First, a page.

Published by: Fatma AlSayegh
1 December 2016
For the first time in 21 years, the unemployment rate is at its lowest level at 3%. The ratio of job offers to applicants increased to 1.34 in April, which is the highest since November 1991. In other words, there were 134 positions available for every 100 job-seeker.
Japan’s economy has managed to flee from a recession in the January-March quarter.
There is no doubt that the Japanese labor market is tight. The tightness is derived from the decrease in the Japanese working population from the increase of demand for labor. An increase in wages is essential to improve the market conditions. But wages are not increasing as rapidly as the people would have wanted, why? Because there is a handful of unenthusiastic employees and those wishing to work full-time but are now working in part-time jobs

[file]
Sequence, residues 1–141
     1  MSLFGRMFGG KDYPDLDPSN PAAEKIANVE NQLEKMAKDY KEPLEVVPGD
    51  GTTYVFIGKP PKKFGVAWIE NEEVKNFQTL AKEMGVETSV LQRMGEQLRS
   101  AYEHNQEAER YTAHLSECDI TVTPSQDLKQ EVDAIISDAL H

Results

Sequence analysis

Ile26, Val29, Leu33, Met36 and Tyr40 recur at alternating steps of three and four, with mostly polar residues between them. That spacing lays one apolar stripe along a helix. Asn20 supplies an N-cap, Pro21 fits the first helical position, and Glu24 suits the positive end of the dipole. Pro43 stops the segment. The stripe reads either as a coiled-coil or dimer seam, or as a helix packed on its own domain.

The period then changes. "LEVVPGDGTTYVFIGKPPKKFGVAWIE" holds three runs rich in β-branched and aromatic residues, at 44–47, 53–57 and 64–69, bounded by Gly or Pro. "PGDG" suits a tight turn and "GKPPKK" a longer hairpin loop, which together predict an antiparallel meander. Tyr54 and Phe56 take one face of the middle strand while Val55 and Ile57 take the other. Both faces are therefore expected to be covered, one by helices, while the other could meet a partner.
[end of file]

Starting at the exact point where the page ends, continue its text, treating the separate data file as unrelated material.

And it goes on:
“Economic growth remains unstable and fragile,” said Yasunari Ueno, chief market economist at Mizuho Securities Co., also adding that the country needed a main growth driver.
The Ministry of Internal Affairs and Communications came out and said that the average household spending fell a seasonally adjusted 0.4% in April 2016, beating market forecasts of a sooner decrease.
Spending on housing, clothing, as well as transportation and communications, decreased significantly on a year-on-year basis, while spending on education increased.